Sunday, December 16, 2018
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20181121 Trophy Gardens Caring 5328When the 9-year-old girl was told that the bicycle she was looking at now belonged to her, it didn’t register at first. But then the message became clear, the first tear of disbelief and joy appeared as she cried. It seems that people who come in touch with those at Trophy Gardens oftentimes have similar reactions of joy.

“She never dreamed she would have a bicycle,” said Janice Tepp of Trophy Gardens RV Resort in Alamo. “We always tend to think every boy has a bike or a ball and every girl has a bike or a doll. That’s not always the case.”

With the holiday season here, Trophy Gardens is one of many Winter Texan resorts that are have a caring tradition of giving; they even have a group called Caring For Others, an outreach program at the park. Giving is a year-round event for those at this resort, and it gets ramped up as holiday time approaches, from blankets to food to toys and quillows, someone’s day is getting brighter on a regular basis, thanks to the residents at Trophy Gardens.

“There are so many people who are all about giving and helping out,” said Gwen Hermann, who is president of CFO. “It seems like that what this park was made for, giving back to others in need.


In storage on this day are 200 or more stuffed Teddy bears and a forest of other stuffed animals. They wait for their day to be adopted by a child in need. They come from park residents, friends, and community members from all over Alamo and the surrounding area.

Pastor Darrel Hardy of Northwest, Okla., known as the Cowboy Pastor, has been initiating the call for people to donate Teddy bears. The park will deliver these bears (and butterflies and unicorns) right before Christmas to the local police and fire departments and other organizations that help victims of domestic violence.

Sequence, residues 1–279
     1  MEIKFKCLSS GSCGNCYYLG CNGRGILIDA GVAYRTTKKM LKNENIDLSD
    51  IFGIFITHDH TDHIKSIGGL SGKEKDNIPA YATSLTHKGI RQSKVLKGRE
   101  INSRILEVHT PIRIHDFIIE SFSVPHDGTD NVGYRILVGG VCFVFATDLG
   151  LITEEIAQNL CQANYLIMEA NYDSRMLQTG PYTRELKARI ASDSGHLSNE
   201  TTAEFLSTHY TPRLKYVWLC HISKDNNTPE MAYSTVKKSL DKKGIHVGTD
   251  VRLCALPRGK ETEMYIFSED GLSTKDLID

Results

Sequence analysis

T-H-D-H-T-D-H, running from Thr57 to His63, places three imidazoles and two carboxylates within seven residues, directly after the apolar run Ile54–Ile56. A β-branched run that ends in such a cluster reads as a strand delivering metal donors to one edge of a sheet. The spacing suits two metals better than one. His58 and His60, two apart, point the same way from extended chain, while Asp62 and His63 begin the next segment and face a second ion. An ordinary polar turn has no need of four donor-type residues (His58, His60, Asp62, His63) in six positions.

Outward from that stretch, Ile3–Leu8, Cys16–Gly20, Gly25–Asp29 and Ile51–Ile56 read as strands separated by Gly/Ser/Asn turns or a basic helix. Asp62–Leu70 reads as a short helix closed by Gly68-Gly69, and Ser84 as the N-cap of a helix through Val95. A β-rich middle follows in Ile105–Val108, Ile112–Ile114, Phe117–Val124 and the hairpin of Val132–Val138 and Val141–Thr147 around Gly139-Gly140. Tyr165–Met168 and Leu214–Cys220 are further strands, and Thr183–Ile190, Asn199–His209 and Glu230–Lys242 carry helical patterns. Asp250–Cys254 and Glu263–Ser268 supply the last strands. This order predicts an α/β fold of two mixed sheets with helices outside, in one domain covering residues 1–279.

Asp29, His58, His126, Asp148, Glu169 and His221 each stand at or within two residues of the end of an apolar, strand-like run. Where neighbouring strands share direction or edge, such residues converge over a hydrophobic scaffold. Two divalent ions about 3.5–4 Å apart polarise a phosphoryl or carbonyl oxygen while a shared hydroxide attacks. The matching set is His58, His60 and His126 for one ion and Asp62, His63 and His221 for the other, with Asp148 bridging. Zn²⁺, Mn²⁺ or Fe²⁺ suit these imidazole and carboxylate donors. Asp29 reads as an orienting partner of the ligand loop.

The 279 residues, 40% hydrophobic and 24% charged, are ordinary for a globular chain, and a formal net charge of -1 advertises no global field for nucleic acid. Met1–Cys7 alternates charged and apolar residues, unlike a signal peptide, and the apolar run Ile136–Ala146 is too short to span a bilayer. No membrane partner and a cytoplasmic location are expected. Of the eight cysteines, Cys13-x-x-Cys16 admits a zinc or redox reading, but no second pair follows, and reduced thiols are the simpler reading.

Many a Teddy bear has listened to the fears and hopes of the young; they are always there for a hug and for a child to wrap his or her arms around and feel comfort as they fall asleep.

“The first year we did this, we had 700 Teddy bears. The police aren’t bad; the firemen aren’t bad and the ones who help those from domestic situations aren’t bad,” said Hardy, who has been in the Valley and pasturing here for 18 years. “A child – even a parent – can find comfort in a Teddy bear. Sometimes they need someone or something to confide in, to hold, to feel good about.”


20181121 Trophy Gardens Caring 5329This day marked the official beginning of being super busy for the holidays for Tepp, who coordinates the Thanksgiving and Christmas programs for Trophy Gardens.

“It started today – this morning actually at 8 a.m. We went out and bought $1,000 worth of food and will deliver meals to 100 families, right to their house,” she said. “It’s mostly seniors who can’t get out. We have a group of people in Edinburg who does the cooking and these will be delivered right on Thanksgiving.”

The park doesn’t stop there however. The day before Thanksgiving, the park hosts a sit-down dinner for as many as 250 children at the community center in Alamo.